To celebrate Black History Month we look back on some of society’s little known but most influential Black trailblazers.
Ignatius Sancho (c. 1729? – 14 December 1780)
Writer, composer, shopkeeper and abolitionist, Ignatius Sancho was celebrated in the late 18th-century as a man of letters, a social reformer and an acute observer of English life. He is the only Briton of African heritage known to have voted in the 18th century for members of parliament in Westminster. To eighteenth-century British abolitionists he became a symbol of the humanity of Africans and immorality of the slave trade.
Mary Seacole (23rd November1805 – 14 May 1881)
A British-Jamaican business woman and nurse who set up the "British Hotel" behind the lines during the Crimean War. When the Crimean War broke out, she was one of two outstanding nurses to tend to the wounded, along with Florence Nightingale. Hoping to assist, Seacole applied to the War Office but was refused, so she travelled independently and set up her hotel and tended to the battlefield wounded. She became extremely popular among service personnel, who raised money for her when she faced destitution after the war.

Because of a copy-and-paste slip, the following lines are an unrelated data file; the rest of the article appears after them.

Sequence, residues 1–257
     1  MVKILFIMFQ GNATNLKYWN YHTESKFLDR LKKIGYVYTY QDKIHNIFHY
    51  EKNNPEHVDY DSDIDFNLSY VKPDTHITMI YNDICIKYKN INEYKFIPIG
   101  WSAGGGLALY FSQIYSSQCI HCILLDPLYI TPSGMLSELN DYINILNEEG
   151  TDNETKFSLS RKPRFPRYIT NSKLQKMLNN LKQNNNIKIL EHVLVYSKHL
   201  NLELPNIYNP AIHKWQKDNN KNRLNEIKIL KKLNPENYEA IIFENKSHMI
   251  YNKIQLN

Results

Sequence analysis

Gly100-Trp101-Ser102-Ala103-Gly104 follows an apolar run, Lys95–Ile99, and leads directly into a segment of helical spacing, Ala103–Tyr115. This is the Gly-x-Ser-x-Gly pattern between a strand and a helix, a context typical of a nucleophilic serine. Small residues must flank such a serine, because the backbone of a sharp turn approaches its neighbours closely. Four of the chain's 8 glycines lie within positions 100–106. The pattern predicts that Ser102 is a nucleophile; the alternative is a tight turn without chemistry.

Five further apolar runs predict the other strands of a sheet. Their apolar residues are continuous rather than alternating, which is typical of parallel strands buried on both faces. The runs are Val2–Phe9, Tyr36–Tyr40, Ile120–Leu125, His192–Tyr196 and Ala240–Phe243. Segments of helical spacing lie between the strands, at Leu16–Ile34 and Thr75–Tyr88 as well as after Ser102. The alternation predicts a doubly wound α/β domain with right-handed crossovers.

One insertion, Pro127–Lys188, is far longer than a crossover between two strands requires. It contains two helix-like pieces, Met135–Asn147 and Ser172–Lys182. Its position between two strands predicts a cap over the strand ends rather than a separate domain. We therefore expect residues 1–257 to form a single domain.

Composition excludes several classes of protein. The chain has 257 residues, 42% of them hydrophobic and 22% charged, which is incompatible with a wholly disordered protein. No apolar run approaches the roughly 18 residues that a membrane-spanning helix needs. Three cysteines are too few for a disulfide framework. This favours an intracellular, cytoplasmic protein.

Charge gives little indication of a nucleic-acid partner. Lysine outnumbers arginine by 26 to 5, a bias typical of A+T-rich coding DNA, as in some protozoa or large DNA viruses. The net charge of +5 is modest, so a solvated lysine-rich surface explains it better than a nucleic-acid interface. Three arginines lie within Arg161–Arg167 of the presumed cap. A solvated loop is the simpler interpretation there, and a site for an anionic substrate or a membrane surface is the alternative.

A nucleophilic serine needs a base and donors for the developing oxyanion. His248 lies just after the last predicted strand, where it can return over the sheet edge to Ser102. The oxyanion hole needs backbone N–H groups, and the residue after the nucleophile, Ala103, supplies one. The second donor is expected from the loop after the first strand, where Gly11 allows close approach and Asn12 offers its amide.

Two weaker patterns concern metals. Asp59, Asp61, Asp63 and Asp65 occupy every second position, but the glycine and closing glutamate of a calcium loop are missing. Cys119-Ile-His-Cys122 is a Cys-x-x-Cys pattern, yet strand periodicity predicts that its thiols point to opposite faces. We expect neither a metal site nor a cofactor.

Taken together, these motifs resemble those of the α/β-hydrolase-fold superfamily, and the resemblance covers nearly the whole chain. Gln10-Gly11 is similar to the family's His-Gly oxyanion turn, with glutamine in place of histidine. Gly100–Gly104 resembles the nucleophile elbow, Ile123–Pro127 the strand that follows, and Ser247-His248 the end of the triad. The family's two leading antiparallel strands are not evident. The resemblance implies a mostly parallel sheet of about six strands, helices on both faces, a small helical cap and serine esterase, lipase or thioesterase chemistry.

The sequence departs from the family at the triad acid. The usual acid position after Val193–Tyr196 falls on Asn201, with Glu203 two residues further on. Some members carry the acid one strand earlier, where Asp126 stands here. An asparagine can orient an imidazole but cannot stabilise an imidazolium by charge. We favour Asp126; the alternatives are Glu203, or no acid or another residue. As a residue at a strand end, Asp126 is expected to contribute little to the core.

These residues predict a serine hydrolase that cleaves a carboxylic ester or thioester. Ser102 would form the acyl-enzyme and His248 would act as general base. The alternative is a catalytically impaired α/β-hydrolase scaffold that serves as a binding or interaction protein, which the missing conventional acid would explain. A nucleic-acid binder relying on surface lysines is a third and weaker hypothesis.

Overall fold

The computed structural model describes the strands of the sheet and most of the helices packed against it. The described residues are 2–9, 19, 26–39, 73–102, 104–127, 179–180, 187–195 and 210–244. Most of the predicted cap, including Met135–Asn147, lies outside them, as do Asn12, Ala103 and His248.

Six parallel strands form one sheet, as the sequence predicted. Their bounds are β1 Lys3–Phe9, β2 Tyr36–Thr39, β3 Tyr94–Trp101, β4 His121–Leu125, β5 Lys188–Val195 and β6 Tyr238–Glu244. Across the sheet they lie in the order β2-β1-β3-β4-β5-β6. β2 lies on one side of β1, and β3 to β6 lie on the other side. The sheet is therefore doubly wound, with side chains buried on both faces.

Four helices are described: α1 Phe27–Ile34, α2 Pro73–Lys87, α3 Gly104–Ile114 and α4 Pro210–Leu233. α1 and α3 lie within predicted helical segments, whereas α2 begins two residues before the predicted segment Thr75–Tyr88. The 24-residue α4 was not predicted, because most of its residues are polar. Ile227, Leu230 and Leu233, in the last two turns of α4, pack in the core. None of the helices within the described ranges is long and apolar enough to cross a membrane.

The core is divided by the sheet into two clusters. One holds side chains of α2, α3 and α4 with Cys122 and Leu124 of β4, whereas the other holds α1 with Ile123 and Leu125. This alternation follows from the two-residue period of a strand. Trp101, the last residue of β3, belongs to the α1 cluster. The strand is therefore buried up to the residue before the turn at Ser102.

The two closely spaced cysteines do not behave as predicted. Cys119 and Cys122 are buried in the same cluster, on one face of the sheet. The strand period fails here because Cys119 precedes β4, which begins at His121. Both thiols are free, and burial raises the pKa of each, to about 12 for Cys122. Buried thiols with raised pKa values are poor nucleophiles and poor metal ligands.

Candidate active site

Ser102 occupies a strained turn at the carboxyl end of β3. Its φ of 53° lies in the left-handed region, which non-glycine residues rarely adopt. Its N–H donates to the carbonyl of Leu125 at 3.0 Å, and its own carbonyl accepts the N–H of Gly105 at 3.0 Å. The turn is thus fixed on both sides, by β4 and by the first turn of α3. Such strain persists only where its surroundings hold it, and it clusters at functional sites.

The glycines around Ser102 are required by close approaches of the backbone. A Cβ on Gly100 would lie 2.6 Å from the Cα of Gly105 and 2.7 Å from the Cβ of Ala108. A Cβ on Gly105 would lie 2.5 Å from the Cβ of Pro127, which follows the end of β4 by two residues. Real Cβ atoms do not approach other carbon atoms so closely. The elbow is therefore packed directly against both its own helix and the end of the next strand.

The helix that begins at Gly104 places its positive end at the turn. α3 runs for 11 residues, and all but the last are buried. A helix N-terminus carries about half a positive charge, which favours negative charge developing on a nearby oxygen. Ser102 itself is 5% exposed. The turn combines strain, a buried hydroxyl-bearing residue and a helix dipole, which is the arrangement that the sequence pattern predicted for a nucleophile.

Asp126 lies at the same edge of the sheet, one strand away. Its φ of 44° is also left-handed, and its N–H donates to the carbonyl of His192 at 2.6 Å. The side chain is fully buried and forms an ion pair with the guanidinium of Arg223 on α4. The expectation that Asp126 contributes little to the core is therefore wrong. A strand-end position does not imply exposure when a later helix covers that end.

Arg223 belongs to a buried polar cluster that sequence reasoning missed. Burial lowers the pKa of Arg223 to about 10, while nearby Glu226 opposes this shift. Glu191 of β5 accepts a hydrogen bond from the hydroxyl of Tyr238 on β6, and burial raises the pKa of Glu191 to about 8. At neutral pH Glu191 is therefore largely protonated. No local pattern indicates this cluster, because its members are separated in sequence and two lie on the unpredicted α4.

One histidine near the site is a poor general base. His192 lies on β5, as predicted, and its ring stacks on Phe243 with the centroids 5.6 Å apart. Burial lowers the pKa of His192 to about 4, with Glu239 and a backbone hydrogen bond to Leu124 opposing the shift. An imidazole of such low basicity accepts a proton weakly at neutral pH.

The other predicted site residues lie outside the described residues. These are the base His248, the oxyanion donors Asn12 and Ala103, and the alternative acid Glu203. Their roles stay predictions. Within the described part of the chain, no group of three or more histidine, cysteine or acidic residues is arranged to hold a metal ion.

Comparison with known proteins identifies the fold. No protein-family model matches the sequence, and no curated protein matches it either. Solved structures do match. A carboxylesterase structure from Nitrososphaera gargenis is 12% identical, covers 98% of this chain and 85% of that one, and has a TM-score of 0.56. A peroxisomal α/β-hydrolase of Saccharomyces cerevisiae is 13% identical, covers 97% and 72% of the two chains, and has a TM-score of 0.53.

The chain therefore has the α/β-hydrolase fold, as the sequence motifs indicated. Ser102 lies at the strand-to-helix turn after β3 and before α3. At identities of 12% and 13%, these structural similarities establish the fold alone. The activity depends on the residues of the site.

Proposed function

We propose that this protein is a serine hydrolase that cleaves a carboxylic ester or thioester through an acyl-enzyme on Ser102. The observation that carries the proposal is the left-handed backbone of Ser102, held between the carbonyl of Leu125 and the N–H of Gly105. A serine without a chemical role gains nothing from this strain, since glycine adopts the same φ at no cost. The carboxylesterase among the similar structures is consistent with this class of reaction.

Evelyn Dove (11 January 1902 – 7 March 1987)
A British singer and actress, who early in her career drew comparisons with Josephine Baker. Of Sierra Leone Creole and English parentage, Dove built a solid reputation in Britain through her work with the BBC in the 1940s, and also performed internationally, travelling to France, Germany, Italy, Austria, the Netherlands, Hungary, the United States, India and Spain.
Stuart McPhail Hall (3 February 1932 – 10 February 2014)
Jamaican-born British Marxist sociologist, cultural theorist and political activist. Hall, along with Richard Hoggart and Raymond Williams, was one of the founding figures of the school of thought that is now known as British Cultural Studies or The Birmingham School of Cultural Studies. Hall is credited with playing a role in expanding the scope of cultural studies to deal with race and gender, and with helping to incorporate new ideas derived from the work of French theorists like Michel Foucault.